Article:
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Tuesday, 19 March 2019

Part 4 of 4: How Your EHR Can Keep Clinical Staff Reasonably Content and Productive

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NOTE: This article is adapted from a Facebook Live discussion with Dr. Michael Gordon. The co-founder of ClinicTracker, Gordon is a Ph.D. clinical psychologist, veteran clinic administrator and clinical researcher, and a longtime advocate for effective, data-driven clinic management.

In previous installments on staff retention, I addressed the benefits of tracking caseloads and case acuity, some time-saving features that an EHR should offer clinicians, and how an EHR can walk staff through their workflows. Now I’d like to cover some of the intangibles that an EHR/practice management solution can offer to managers who want to keep their staff as content as possible. I call these features “Digital Morale Boosters” -- or ways you can use your software to enhance the esprit de corps of your enterprise. Clinic managers don’t always focus on what they can do to make staff feel good about working where they work. That might be because clinic operations tend to involve mainly solitary professional activities. The clinician picks up his or her patient from the waiting room, goes back to the office to work with that patient, brings the patient back to the waiting room, goes back to the office to write notes, fetches the next client, and so on. There’s not much opportunity to work with others unless you’re facilitating groups or collaborating on a case. There might be clinic meetings or some shared activities, but in most settings, those are relatively few, far between, and not a whole lot of fun.

Ironically, computers might have made what we do even more isolating. In our clinics years ago, you’d have to go out of your office to get files from a common area or check with the secretary at the front desk, or go over to the billing or compliance staff to check on procedures or the status of a particular case. After we implemented our practice management system, staff could do most of those activities on their desktop computer without ever leaving their chairs. Opportunities for social interaction became even more limited. And having a sense of yourself as a clinician who is part of a closely connected and supportive enterprise wasn’t that easy to come by. That’s why I made it my business to schedule bowling parties and other social events regularly.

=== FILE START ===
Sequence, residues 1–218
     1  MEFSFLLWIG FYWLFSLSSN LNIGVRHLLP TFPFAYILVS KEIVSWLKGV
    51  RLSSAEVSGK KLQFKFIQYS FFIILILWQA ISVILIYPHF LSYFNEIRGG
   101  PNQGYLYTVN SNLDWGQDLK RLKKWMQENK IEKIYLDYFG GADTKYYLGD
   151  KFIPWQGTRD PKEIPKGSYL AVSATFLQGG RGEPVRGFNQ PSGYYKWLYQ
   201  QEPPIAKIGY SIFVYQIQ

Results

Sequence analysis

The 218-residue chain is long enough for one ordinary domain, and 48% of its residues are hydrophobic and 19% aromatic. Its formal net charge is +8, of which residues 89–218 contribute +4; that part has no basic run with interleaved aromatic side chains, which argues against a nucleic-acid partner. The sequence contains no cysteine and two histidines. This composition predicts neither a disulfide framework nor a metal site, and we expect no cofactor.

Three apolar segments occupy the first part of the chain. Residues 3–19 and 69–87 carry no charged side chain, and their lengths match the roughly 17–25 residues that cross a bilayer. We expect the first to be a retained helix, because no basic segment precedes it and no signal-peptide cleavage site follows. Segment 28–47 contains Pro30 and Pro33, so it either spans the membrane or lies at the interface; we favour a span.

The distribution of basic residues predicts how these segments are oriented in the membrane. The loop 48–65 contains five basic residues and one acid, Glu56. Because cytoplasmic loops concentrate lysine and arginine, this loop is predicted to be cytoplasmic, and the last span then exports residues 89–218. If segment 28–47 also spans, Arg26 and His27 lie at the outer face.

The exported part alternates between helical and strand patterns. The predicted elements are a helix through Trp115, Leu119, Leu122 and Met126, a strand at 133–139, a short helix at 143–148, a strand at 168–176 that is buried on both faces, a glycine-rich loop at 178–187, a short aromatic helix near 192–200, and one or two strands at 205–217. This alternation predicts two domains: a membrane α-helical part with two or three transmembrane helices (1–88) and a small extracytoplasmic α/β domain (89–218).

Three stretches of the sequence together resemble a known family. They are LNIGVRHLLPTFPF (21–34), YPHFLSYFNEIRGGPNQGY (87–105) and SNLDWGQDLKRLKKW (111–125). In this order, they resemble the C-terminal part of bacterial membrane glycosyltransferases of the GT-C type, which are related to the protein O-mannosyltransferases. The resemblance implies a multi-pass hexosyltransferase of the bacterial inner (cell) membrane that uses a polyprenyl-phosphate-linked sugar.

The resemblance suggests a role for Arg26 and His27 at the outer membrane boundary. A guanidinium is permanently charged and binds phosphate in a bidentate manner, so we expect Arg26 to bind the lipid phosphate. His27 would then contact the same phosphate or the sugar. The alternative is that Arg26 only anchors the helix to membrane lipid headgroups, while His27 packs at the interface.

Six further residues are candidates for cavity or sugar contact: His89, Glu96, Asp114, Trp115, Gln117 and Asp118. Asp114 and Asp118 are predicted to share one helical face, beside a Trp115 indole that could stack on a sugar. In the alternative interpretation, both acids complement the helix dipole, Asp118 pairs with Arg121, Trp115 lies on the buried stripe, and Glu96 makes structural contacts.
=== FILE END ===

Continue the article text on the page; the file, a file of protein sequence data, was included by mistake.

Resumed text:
While I came to see our EHR as an important tool in promoting a sense of community within our three floors of offices, it didn’t happen as a consequence of marvelous forethought and planning. It had to do with the lunches that drug companies brought to our department for grand rounds and meetings the psychiatric residents held once or twice a week. The drug reps always brought far more food than necessary, so the rest of us could scavenge the leftovers.

I was head of the food scavenger’s society and saw it as my God-given responsibility to let everyone know where they might find some lunch, or at least a cookie or two. But, as always, I was way too lazy to type emails to everyone or develop a large group chat (I’m not sure they were even a thing at that point).

Watch the recorded Facebook Live session with Dr. Michael Gordon.